The news about newspapers isn’t pretty.

American newspaper ad revenues have plummeted by more than US$40 billion since 2000. The Washington Post, for years considered the standard bearer in newspaper journalism, has gone from a position of immense profits that reached US$120 million annually in 1998 to annual losses of US$40 million, as reported recently in Adweek.

A failure to anticipate the digital technology revolution that would sweep the media world is partly to blame. Whatever inroads news media companies have so far been able to make with online ad revenue have not come close to offsetting the freefall of print ad revenue and have been further eroded by the proliferation of specialty media outlets.

However, it’s not too late.

Newspapers need to focus on digital, which represents the only future with possibilities. Once they do, it will become a real priority and receive the attention it needs.

Let’s look at the hard data. Worldwide newspaper ad spending continues to fall, as it has been for more than a decade. Digital ad spend surpassed print for the first time in history years ago.

Now, let’s look at the pie. Paid media spending worldwide will total US$545.23 billion in 2014, up 5.6% from ad spending levels in 2013. By 2018, advertisers will dedicate US$667.65 billion toward paid digital media advertising, fueled by increased investments in digital and mobile.

Additionally, North America continues to reign as the world’s largest traditional, digital, and mobile advertising market as advertisers in the United States allocate more toward online and mobile ad formats than anywhere else.

Hmmm, maybe newspapers should look there?

Here’s more good news for people pondering the newspaper’s future. Programmatic ad spend is predicted to increase by US$10 billion this year and double by 2016, representing an important market correction that publishers now have the opportunity to leverage intelligently.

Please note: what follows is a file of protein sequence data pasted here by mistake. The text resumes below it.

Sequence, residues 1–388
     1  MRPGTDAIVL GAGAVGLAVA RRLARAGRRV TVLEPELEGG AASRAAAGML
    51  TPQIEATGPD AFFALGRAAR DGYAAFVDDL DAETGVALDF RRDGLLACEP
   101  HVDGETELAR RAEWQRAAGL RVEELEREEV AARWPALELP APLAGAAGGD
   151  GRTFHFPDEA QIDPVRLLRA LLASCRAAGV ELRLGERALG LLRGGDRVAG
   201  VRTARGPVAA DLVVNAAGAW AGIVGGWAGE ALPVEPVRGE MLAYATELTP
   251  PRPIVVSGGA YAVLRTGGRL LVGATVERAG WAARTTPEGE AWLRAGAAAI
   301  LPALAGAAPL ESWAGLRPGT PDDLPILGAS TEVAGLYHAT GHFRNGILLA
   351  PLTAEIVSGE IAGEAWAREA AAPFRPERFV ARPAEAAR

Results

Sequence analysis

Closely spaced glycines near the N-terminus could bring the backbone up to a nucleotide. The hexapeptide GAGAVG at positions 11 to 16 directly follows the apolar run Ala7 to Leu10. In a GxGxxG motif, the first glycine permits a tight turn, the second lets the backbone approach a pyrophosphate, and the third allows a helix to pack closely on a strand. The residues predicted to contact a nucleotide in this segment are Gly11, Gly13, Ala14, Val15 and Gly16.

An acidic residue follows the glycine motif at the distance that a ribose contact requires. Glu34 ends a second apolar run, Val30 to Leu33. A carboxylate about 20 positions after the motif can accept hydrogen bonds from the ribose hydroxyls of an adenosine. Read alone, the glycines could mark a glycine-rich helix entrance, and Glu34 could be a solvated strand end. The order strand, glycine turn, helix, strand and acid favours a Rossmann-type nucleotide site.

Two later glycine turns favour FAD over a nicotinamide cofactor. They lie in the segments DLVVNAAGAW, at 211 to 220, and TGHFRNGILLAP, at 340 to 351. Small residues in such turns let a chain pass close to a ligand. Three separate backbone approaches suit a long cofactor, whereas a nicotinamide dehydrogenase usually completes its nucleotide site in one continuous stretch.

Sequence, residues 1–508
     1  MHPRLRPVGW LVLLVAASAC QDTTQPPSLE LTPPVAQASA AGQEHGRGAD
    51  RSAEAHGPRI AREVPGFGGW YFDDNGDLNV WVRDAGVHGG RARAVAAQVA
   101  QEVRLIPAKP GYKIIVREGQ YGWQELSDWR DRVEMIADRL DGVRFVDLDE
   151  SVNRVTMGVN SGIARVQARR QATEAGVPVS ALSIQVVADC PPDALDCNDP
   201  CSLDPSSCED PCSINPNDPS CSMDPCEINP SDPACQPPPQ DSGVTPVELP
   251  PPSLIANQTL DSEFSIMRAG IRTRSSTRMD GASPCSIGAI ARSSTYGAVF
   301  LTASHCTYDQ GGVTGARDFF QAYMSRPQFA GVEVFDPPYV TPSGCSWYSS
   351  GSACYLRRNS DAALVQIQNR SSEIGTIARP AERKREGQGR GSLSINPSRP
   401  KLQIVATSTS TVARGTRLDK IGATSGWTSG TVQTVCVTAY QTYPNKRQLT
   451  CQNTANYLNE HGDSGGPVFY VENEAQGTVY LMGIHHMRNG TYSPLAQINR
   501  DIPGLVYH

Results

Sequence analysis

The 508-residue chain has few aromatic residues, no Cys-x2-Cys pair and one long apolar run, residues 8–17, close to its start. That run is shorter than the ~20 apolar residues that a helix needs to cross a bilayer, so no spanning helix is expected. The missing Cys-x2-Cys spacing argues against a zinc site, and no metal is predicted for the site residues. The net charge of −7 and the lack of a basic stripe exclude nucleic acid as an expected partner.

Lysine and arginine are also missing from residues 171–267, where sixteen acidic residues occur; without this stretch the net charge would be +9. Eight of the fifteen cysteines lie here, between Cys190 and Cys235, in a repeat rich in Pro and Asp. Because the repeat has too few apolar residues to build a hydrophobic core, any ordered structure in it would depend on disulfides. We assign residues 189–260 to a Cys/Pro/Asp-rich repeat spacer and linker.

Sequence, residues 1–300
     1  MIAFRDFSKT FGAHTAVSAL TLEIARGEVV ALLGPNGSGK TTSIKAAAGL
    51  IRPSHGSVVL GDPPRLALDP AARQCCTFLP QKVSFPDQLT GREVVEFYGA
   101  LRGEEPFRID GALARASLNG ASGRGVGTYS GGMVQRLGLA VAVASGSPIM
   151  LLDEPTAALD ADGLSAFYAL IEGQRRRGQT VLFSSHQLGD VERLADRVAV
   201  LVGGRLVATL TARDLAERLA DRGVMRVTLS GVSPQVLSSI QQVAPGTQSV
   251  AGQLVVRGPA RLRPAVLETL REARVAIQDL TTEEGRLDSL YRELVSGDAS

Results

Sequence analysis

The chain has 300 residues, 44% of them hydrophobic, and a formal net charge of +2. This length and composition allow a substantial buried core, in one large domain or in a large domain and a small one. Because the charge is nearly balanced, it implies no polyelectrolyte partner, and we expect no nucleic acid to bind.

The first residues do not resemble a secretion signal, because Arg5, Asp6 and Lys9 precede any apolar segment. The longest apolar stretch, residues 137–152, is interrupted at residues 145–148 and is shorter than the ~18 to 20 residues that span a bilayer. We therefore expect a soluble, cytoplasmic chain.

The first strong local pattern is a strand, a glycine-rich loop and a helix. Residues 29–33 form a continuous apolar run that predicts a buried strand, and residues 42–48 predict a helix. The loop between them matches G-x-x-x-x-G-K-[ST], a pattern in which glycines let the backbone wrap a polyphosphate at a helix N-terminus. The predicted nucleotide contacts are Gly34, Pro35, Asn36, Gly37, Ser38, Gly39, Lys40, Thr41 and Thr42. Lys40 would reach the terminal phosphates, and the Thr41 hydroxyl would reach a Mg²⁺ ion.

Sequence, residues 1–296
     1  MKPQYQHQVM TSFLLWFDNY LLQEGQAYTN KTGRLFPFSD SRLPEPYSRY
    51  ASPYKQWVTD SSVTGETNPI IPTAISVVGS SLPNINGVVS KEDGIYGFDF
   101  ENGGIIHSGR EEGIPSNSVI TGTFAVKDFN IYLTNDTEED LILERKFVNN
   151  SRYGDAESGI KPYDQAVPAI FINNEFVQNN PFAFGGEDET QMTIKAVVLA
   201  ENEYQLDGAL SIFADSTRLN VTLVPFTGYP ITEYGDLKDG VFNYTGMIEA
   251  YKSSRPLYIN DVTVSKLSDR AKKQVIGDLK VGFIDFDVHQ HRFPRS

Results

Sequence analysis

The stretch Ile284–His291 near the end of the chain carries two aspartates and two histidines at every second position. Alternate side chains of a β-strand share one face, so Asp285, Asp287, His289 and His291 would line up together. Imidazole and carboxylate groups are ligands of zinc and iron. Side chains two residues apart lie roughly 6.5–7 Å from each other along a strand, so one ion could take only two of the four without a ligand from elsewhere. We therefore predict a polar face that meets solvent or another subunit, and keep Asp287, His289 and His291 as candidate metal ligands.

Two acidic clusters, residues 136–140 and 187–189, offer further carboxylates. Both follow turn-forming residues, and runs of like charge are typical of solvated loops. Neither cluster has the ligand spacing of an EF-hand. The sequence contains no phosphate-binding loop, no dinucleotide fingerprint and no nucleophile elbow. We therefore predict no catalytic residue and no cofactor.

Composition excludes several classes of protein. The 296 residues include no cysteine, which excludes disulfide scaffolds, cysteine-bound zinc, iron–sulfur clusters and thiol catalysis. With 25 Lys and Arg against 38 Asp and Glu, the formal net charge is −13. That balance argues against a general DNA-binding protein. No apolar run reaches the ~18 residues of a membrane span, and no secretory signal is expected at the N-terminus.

Furthermore, sports pages still remain the No. 1 source of content for sports fans, and this is an enormous digital opportunity. News  media companies simply must focus on a strong mobile video strategy and the interface view-ability of premium video content.

Fighting for quarterly numbers is the wrong approach. Instead, media companies should be running the long game on revenue and developing a strong digital presence. Thankfully publishers such as Tribune Group, Hearst, Gannett, Stephens Media, and Halifax Media Group are now starting to key in on the importance of such a long-term strategy.

The fact that Amazon founder Jeff Bezos purchased the Washington Post last fall for US$250 million is telling for a few important reasons.

First, it says that one of America’s most successful digital entrepreneurs sees a future in newspapers. Second, his decision to take it private and not be beholden to shareholders and a board of directors demanding quarterly profits means he’s free to tinker with the newspaper model and how best to bring it into the digital age.

Some pundits argue that newspapers can bolster revenues by branching out into activities like digital marketing services, sponsoring events and conferences, and in-house custom publishing.

Wrong, wrong, and wrong.

I haven’t met anyone in the business who would rely on a newspaper for these sorts of services. News media companies are facing a critical digital brand issue, but they need to shift focus away from the problem and on to the opportunity.

Did Blockbuster video focus on the right things? Was adding more point-of-sale items like peanuts, pop, and M&M’s the answer to their problems? Definitely not. Ultimately, lease commitments brought Blockbuster down, but you get the idea.

When leaders focus on problems instead of bigger picture future opportunities and possibilities, they go astray. Digital is the future, and news media companies have done a poor job of recognising and adapting to a future that is already as normal to today’s youth as are touch screens and tablets.